‘Ottawa’ ‘An Angel … Escaped from Your Hell,’ tortured boy’s aunt Rips into ex-Mountie at Sentencing Hearing
In a haunting victim-impact statement at the sentencing of the disgraced former Mountie who starved and tortured his 11-year-old son in a darkened Kanata basement, the boy’s aunt stood in court Wednesday and told him: “An angel … escaped from your hell.”
“These are our family’s last words to you. … Our pain is deep and lasting,” she told a hushed courtroom. “We hope one day he will see his physical scars as a testament to his strength.”
“We pray that one day he will truly feel worthy and loved and know that he has value. This has been an achingly long, gut-wrenching journey but, in the end, a battered, courageous little boy with nothing but his will to live, freed himself from your dungeon. An angel, not Satan, escaped from your hell. And a final, sad irony is that you ended up being the criminal you accused him of being,” she said.
The father, a former RCMP counter-terrorism officer, 45, was convicted in November of assault, sexual assault, forcible confinement and failing to provide the necessities of life by Ontario Superior Court Justice Robert Maranger.
During the trial, which began in September 2015, it was revealed the man videotaped his naked and shackled son while he inflicted disturbing, religious-themed interrogations, demanding the emaciated boy repent and screaming he would ”weep blood” for his so-called sins.
At one point, the ex-Mountie enlisted a Roman Catholic priest to perform an exorcism.
In one of the videos that reduced defence lawyers and police to tears at trial, the tiny, frightened boy begged: “I want my family back.”
The boy spent the last month of his captivity trying to escape the horrors of the basement, where he was chained to a post as he slept and forced to use a slop bucket for a toilet while the rest of his family went about their routines upstairs.
That he managed to loosen his chains and escape is what led to the child-abuse case against his father and stepmother, 37, who was also found guilty in November on less severe charges of assault with a weapon (wooden spoon) and failing to provide the necessities of life.
The boy testified at trial about Feb. 12, 2013, the day he escaped.
“I was terrified, hungry and thirsty. I couldn’t take it anymore. My entertainment was (staring at) a wall and I was just getting hurt and burned. I was scared to death. … I thought he was going to kill me.”
Justice Maranger heaped praise on the terrorized boy, who had to relive the horror as he testified across three days at trial.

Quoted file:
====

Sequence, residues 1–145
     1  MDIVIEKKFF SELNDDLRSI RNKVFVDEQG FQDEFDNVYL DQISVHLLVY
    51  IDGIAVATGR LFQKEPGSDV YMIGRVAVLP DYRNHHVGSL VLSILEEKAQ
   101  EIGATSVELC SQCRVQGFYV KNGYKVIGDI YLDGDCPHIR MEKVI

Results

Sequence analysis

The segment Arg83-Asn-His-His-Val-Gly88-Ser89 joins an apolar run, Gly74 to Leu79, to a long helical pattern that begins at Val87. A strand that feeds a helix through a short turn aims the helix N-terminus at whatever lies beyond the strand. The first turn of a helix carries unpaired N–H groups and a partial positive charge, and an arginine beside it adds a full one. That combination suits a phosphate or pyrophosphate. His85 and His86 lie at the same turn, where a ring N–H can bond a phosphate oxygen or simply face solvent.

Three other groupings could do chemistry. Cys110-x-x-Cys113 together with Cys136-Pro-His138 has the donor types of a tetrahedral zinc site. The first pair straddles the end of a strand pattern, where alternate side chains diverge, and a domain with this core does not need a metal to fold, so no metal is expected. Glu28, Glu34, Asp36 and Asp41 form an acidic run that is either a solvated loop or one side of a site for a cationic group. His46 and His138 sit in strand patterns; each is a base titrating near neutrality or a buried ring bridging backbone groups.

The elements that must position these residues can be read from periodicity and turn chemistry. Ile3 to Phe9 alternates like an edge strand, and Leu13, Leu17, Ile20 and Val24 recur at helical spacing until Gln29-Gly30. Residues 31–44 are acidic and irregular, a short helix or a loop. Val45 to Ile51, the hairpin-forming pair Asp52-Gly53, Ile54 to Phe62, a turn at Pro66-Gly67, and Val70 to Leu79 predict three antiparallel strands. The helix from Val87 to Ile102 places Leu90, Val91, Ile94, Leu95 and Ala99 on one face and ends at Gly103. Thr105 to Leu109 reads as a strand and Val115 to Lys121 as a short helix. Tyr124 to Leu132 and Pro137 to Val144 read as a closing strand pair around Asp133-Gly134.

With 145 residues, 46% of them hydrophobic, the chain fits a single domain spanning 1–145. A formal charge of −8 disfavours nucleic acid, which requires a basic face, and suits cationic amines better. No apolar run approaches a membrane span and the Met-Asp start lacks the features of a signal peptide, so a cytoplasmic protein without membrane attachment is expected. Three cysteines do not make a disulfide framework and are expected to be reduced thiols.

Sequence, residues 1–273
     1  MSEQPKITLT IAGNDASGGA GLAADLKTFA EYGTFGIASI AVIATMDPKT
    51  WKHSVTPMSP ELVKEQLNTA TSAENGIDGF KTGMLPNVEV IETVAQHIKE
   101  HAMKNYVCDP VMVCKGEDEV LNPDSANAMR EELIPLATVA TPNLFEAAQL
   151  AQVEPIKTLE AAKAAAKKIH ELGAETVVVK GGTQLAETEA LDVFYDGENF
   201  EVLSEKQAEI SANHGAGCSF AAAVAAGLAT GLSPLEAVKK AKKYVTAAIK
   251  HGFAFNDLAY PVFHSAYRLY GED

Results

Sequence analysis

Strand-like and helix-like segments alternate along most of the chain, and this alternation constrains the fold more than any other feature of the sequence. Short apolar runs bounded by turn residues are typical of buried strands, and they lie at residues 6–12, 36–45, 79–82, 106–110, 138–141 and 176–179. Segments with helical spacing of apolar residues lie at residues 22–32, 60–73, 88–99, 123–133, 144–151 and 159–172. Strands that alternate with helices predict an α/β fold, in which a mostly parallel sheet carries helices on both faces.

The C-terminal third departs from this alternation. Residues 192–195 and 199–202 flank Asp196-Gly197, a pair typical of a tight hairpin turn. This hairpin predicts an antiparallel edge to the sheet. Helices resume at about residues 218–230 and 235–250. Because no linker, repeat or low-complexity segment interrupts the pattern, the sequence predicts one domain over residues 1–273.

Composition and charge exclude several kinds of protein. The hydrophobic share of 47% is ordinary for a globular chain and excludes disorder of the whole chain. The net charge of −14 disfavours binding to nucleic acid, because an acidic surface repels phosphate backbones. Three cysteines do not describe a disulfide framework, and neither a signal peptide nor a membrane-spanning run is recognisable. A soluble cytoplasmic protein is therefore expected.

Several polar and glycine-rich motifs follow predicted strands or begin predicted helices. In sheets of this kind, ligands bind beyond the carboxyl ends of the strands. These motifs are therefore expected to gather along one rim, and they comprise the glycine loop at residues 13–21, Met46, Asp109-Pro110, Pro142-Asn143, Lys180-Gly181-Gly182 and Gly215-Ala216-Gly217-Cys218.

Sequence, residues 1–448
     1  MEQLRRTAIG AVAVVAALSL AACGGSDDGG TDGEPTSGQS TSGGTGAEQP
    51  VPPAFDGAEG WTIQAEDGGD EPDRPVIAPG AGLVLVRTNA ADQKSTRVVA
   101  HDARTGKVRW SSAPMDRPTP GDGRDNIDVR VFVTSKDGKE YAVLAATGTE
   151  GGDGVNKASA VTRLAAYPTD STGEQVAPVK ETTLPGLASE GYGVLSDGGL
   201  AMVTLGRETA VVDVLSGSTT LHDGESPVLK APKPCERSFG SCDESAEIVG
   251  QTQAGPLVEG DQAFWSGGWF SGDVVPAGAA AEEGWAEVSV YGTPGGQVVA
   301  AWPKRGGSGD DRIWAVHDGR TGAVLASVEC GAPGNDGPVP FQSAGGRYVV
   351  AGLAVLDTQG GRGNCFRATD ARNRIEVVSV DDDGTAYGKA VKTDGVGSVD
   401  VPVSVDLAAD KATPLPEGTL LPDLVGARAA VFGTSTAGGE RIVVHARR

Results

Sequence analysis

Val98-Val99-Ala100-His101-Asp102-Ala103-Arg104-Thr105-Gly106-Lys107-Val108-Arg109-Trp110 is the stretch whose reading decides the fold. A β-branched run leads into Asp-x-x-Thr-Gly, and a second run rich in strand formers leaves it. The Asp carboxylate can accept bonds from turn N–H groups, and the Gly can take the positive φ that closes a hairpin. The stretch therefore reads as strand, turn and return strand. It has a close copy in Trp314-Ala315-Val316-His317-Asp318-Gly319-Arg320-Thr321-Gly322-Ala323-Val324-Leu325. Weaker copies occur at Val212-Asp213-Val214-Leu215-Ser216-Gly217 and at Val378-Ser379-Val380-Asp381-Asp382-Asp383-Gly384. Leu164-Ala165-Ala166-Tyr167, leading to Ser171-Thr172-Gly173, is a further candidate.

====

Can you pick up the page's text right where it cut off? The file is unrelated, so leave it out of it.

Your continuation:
“That a parent could do the things that were done (to the boy) was gut-wrenching. That being said, however, the fact that this half-starved, burned and battered 11-year-old could somehow summon the strength to escape his cruel captivity and later seemingly rise above it, is a testament to the indomitability of the human spirit,” the judge told court.
Since it was never in question that the boy had been abused, the father mounted a post-traumatic stress disorder defence during the trial.
The Mountie testified in his own defence at trial, and presented himself as a victim, speaking for hours about his fragile state of mind.
He detailed the troubles of his own childhood in war-torn Lebanon. He talked about dead bodies, bombs and the day he was raped by a teacher. He spoke of “extreme nightmares” from his youth, his troubled career in the RCMP and how a so-called problem child was the last thing he needed.
The Mountie tried to explain that he thought his boy was possessed and he feared he’d grow up to be a sexual predator.
“Me and my son were at war. … I had an enemy in front of me.”
He claimed that he didn’t know his actions were wrong.
Court heard from a psychiatrist hired by the defence. Dr. Helen Ward testified that the ex-Mountie suffered from “chronic and severe” PTSD and narcissism. The expert witness who examined him told court he did not express remorse and she tried to explain, not excuse his horrific acts.
The Mountie saw his son as possessed and wild, though he wasn’t, by everyone else’s accounts, from teachers to doctors to neighbours and family.
The doctor told court that his inability to control his son and his problems at work left him overwhelmed by it all.
“He desperately wants his son to be different than he perceived him to be,” Ward told court.
There is a publication ban on the names of the child abusers to protect the identity of the boy.
The sentencing hearing is expected to continue Thursday at the Elgin Street courthouse.